Jenkins has dragged us into the past by reverting to the failed War on Drugs. This is why so many more have died of overdose than ever before. Using our criminal legal system as the primary means of solving a public health emergency has never worked in our country. The evidence has shown this. People die when we prioritize playing politics over sound judgment and science.

Many people aren't even reporting property crime anymore — they've given up on contacting the police. I know this from direct conversations with friends, neighbors, and business leaders. Organized retail theft persists. Auto burglaries are prevalent. Open-air drug markets have gotten worse.

Businesses citywide are suffering and leaving empty storefronts in their place. Residents, commuters, and tourists are fed up. By her own logic and rhetoric from the 2022 recall, this is crystal clear: the current DA's administration is failing us. We cannot afford four more years.

As a city, I believe we can advance public safety with a better approach that balances reactive measures to address crime and proactive measures to prevent it. We don't have to choose one or the other, we can do both.

My family's own experience with crime is what led me to become a prosecutor. I lost my uncle to gun violence. He was murdered on February 4, 1996. As the child of immigrants who fled violence and war in Iran, we don't have many family members in the United States. He was our closest relative and his murder was devastating. It was also preventable. My family and I care about public safety. We believe in accountability. We care about supporting victims of crime.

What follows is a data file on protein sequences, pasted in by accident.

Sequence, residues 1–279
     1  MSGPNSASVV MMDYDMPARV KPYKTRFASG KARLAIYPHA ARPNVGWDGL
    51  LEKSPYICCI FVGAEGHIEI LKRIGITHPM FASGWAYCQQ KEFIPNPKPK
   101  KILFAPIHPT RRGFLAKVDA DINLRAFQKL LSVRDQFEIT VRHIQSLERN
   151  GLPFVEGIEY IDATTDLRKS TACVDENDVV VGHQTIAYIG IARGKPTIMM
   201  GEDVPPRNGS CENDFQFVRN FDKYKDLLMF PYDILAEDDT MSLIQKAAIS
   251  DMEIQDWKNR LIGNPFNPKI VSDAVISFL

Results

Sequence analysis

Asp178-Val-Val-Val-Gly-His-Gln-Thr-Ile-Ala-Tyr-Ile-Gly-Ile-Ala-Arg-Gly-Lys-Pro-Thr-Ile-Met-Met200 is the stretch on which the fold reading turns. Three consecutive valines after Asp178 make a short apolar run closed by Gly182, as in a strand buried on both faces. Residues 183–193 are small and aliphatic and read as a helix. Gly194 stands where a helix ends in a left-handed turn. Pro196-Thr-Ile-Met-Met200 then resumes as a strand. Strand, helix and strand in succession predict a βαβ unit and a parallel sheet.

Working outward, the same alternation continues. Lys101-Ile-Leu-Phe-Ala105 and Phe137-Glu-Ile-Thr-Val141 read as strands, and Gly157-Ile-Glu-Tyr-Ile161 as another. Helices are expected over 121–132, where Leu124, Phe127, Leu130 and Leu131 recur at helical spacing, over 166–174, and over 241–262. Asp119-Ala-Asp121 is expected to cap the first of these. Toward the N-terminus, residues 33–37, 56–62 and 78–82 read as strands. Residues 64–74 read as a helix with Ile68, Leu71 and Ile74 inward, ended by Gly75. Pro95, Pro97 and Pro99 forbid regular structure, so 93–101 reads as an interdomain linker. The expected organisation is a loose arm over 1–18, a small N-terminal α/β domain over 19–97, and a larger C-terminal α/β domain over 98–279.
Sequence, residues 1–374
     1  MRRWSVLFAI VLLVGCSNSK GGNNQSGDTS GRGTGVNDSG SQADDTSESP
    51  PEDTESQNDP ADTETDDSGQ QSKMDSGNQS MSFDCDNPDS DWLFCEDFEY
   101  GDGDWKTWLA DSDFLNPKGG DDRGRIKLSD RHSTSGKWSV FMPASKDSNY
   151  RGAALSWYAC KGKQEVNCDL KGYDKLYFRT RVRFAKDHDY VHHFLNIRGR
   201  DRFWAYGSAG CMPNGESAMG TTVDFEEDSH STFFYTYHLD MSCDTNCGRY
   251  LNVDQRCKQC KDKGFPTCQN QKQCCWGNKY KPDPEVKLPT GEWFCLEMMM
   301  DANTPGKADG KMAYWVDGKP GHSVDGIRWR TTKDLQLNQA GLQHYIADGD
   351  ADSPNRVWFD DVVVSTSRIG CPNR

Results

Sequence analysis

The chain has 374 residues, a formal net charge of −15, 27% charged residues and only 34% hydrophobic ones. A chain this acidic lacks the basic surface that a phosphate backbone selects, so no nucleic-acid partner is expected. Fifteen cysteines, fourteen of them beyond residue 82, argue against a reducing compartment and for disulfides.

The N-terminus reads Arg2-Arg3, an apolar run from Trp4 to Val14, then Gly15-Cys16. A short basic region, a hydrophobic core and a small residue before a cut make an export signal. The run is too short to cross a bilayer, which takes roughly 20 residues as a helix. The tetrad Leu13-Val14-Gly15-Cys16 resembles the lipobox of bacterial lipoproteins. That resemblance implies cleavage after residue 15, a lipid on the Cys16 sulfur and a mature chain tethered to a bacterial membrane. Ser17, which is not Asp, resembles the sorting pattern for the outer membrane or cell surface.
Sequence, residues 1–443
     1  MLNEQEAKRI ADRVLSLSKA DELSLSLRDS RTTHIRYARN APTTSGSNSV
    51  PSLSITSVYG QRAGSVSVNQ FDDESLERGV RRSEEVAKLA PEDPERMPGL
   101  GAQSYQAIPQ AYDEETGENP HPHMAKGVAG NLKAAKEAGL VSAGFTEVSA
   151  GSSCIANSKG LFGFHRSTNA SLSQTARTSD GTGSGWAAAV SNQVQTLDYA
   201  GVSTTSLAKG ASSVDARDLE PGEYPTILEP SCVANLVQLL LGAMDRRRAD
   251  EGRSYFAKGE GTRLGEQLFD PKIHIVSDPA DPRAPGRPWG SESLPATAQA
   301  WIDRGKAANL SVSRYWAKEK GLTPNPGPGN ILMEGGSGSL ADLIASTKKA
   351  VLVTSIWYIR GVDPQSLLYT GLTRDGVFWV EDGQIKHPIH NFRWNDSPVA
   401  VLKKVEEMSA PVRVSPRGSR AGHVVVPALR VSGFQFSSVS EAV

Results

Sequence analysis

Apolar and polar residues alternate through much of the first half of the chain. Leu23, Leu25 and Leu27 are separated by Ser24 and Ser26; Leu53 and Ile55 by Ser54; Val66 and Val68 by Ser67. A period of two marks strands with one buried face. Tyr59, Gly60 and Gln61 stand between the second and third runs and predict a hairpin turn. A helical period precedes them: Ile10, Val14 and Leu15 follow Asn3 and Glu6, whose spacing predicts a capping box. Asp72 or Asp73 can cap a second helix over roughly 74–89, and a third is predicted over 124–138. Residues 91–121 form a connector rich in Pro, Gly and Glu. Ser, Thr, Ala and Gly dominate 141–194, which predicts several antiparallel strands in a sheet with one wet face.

I have done that work. I prosecuted violent crimes at the San Francisco Hall of Justice as an assistant district attorney. I've kept people in custody and I've personally held the hands of victims as I walked them up to the stand to testify. Incarceration is an important tool at our disposal to protect the public and one that I've used many times as a prosecutor.